Move over traditional Zamboni, there’s a new, eco-friendly E-version in the rink.
The aging gas-powered Zamboni at the Powell River Recreation Complex has been replaced with one that’s emission-free and powered by an electric lithium battery.
The purchase of the $185,000 Zamboni was made possible through a grant from the Powell River Community Forest Reserve Fund.
The city says it brings it a step closer to zero emissions.
According to the city, the lithium battery powered machine has a longer service life than natural gas Zambonis, and will result in operational cost savings and efficiencies by reducing energy consumption.
“We’re excited to receive this new piece of equipment that will help maintain our ice for many years to come,” said manager of recreation, Neil Pukesh.
“We’re also grateful to Powell River Community Forest for assisting us with this purchase as it demonstrates our commitment to improving energy efficiencies while we continue to implement innovative technology into our operations.”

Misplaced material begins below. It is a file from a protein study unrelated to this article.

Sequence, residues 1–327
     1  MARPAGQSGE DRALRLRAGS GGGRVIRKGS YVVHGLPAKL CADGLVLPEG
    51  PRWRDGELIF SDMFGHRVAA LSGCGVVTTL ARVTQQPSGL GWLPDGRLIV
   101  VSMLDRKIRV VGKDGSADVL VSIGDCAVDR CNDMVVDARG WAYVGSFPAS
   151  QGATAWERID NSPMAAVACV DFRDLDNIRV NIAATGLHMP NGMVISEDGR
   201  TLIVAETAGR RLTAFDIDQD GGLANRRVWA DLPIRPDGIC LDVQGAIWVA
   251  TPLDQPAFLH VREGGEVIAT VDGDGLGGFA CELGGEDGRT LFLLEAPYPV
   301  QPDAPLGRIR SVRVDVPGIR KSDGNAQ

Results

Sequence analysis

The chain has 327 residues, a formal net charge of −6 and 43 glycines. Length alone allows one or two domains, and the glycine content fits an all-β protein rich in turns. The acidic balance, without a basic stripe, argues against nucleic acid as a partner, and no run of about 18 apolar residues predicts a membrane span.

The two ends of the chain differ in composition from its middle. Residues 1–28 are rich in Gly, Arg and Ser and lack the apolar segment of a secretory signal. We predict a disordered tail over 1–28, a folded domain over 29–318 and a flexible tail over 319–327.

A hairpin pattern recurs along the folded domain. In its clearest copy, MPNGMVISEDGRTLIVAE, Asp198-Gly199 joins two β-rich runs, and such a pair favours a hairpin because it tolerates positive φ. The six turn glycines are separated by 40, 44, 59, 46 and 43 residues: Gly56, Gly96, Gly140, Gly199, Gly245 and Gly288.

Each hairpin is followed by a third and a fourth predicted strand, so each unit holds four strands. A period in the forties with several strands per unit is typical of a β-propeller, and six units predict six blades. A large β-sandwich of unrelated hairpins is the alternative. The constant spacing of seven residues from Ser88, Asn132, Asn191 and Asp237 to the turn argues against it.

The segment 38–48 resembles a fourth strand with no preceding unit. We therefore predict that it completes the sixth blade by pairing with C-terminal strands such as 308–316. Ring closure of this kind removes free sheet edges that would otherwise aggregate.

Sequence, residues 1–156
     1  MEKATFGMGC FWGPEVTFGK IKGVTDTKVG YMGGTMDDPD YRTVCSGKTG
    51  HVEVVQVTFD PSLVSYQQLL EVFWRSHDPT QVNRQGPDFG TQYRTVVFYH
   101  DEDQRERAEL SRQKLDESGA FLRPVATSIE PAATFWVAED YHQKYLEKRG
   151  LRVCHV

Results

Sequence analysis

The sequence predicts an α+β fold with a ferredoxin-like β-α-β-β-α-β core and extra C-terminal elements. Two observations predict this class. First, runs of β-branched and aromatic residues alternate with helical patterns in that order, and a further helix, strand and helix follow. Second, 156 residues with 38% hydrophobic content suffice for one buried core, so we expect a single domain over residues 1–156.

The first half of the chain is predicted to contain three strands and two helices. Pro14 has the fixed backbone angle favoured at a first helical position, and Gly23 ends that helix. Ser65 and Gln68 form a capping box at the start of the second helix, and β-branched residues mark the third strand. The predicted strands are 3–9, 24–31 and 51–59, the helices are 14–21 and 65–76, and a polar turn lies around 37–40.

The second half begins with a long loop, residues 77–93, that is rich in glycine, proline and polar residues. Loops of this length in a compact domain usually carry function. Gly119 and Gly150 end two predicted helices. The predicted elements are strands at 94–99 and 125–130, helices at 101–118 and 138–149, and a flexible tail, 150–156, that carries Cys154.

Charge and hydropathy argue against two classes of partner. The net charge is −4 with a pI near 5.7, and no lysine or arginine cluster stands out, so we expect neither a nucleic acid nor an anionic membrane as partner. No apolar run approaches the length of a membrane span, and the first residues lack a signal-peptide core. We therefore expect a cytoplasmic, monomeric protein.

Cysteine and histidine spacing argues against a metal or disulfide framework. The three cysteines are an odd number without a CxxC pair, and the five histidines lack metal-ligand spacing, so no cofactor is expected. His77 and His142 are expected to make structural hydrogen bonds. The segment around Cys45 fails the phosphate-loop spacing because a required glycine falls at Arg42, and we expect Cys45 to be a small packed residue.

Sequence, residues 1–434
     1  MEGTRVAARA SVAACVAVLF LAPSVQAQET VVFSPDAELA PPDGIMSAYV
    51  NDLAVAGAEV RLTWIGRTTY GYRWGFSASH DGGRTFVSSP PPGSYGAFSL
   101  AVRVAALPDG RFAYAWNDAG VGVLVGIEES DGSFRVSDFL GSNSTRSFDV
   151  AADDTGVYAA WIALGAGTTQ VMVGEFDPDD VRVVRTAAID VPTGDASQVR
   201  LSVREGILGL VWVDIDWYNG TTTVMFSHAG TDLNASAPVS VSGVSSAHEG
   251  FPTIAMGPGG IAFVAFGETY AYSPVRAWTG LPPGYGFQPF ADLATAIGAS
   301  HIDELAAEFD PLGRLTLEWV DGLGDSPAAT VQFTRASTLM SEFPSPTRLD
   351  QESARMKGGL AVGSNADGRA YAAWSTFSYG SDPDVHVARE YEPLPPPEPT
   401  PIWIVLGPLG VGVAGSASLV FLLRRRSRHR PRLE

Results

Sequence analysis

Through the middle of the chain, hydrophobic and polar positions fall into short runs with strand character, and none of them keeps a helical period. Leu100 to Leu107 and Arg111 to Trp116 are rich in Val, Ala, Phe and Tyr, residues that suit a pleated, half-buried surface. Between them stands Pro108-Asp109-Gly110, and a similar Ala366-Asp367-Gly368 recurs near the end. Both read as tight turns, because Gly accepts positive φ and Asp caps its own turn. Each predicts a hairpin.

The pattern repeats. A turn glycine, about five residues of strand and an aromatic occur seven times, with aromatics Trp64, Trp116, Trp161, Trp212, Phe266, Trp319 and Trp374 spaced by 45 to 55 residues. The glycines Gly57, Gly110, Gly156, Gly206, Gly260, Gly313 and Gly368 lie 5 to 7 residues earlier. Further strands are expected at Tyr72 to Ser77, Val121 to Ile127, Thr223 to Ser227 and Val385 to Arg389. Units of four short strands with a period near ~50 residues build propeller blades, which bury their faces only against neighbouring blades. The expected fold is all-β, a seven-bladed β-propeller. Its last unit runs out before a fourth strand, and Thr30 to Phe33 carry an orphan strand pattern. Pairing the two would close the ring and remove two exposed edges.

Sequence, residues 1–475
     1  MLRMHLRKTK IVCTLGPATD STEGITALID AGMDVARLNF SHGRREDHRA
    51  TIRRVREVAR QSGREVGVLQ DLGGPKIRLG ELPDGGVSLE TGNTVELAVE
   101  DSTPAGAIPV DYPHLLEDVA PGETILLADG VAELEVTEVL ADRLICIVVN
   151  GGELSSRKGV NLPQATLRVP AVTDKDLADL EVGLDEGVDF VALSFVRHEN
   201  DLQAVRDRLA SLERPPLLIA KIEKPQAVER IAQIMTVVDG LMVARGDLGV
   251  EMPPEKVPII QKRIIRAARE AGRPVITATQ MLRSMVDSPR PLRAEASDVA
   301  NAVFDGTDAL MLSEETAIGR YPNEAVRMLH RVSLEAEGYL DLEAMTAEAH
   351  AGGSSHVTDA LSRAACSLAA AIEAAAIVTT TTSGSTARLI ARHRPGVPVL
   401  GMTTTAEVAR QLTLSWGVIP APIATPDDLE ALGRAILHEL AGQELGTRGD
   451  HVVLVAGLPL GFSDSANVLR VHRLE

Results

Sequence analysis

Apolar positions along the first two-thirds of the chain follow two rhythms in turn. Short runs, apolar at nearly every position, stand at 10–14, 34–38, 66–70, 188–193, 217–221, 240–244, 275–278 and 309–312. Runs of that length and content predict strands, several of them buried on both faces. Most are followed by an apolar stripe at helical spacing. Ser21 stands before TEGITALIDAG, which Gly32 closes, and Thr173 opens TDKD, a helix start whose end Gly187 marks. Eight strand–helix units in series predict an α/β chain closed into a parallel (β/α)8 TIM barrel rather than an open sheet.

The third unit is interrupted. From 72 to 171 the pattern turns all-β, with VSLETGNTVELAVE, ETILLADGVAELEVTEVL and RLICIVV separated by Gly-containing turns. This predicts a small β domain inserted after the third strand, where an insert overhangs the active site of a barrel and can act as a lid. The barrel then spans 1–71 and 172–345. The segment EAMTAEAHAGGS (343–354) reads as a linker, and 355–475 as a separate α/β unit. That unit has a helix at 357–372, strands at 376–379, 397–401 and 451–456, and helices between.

The Complex accounts for about 40 per cent of the City’s annual corporate carbon footprint, and a variety of improvements have been made to reduce utility costs and emissions.
The city says the E-Zamboni is another way it “has taken to address the deficiencies at the Complex, others being an electric ice edger, LED lighting throughout, low-emissivity energy-saving ceilings for both the rink and Hap Parker Arena, a Realice system for ice-making, and a new efficient boiler which was secured with a $150,000 incentive from FortisBC.
The new Zamboni is another important response to climate change and in accordance with City Council’s commitment to becoming carbon neutral.
“Every vehicle and piece of equipment the city purchases has an impact on our carbon footprint for its entire lifecycle,” said Councillor CaroleAnn Leishman, chair of the Climate Change Mitigation and Adaptation Committee.
“So by replacing fossil fuel powered equipment and vehicles with those running on clean hydro-electricity, the City is showing leadership in reducing our greenhouse gas emissions which is what we must do to combat irreversible climate damage.”